Inside six two-storey bungalows in Kent Ridge, some 200 entrepreneurial students and alumni are busy developing start-ups in bedroom-sized incubators.
From perfecting wireless charging phone sleeves to providing a one-stop handyman service, these budding entrepreneurs at Prince George's Park are part of the National University of Singapore's push to become Asia's university hub for entrepreneurship.
Earlier this month, the university announced a series of initiatives, including investing an additional $10 million into the work of NUS Enterprise, the university's entrepreneurial arm.
NUS also intends to increase the number of student entrepreneurs - which includes those taking entrepreneurship modules or participating in similar activities - from the current 1,000 to 2,500.
It took time for the right components, such as the policies, facilities and funds, to be put in place, said Dr Lily Chan, chief executive officer of NUS Enterprise.
"We now have a base to build something sustainable and to offer more opportunities for students interested in entrepreneurship," she said.
The university also plans to increase its incubator capacity and is looking beyond Prince George's Park and other campus entrepreneurial facilities. Currently, these can accommodate some 50 start-ups and about 200 students and alumni.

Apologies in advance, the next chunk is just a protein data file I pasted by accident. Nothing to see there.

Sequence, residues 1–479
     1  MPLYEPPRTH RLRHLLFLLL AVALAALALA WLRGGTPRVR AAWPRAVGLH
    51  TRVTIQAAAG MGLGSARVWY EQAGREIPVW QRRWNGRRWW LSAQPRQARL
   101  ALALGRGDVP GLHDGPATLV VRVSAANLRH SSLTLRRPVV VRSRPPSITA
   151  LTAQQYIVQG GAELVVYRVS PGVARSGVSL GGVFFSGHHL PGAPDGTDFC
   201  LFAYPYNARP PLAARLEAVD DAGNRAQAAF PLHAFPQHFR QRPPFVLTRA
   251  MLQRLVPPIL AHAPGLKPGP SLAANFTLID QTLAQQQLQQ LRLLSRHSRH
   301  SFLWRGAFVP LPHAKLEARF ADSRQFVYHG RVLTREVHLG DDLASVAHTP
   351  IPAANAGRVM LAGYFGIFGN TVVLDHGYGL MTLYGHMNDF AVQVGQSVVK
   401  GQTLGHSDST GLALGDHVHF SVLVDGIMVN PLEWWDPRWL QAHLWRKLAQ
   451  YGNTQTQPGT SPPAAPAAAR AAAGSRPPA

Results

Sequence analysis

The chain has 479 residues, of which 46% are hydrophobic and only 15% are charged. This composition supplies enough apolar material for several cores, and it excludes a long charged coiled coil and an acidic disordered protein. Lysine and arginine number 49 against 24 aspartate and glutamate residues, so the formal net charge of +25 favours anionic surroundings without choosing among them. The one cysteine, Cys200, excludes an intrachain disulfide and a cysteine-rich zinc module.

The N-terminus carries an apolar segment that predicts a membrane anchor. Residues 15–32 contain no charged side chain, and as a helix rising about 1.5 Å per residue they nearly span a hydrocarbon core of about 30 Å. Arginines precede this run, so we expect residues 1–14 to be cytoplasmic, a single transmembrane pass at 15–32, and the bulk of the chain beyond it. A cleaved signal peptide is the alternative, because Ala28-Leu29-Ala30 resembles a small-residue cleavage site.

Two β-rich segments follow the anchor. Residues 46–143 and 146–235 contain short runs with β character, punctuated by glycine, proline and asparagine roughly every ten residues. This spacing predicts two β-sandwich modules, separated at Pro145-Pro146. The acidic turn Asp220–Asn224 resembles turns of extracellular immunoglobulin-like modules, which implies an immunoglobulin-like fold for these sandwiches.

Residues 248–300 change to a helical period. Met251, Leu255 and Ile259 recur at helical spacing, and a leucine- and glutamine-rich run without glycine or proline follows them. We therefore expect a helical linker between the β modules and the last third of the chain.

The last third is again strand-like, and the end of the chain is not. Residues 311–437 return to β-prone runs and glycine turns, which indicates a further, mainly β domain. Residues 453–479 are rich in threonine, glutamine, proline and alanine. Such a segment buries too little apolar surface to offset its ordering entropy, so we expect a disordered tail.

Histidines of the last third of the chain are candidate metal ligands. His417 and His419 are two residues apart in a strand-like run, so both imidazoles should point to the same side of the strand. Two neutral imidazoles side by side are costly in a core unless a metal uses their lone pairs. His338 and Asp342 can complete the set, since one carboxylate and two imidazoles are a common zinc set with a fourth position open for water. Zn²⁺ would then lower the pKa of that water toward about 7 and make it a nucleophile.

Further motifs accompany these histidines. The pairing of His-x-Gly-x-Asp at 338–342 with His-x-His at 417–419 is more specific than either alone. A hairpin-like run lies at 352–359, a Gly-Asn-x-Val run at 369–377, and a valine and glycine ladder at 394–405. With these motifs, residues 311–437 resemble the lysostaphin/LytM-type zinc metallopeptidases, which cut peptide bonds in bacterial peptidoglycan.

In less than 10 years, the entrepreneurial community at NUS has created more than 350 start-up and spin-off companies, with nearly $120 million raised in the past five years from financial backers and venture capitalists.
And several student entrepreneurs have taken a year's leave to work on their start-ups.
"In Singapore, the fear of failure is ever so evident in our culture," said second-year business student Kenneth Lou, 22, a co-founder of Novelsys, a hardware consumer technology start-up.
"But since there are more platforms available for entrepreneurs, we should seize them. These don't come along often."
One of these is the NUS Overseas Colleges programme, which offers students the opportunity to intern with start-ups in cities around the world while taking classes at partner universities such as Stanford University in the United States.
The university is to expand the number of locations in the programme from six to eight and increase the number of students from 200 to 300 each year.
"The overseas colleges provide students with immense opportunities for learning, networking and exposure," said life sciences graduate Lyon Lim, 30, co-founder of PigeonLab, a start-up which provides interactive question-and-answer platforms at events.
"The entrepreneurial scene has grown so much over the years. There are definitely greater opportunities for student entrepreneurs now."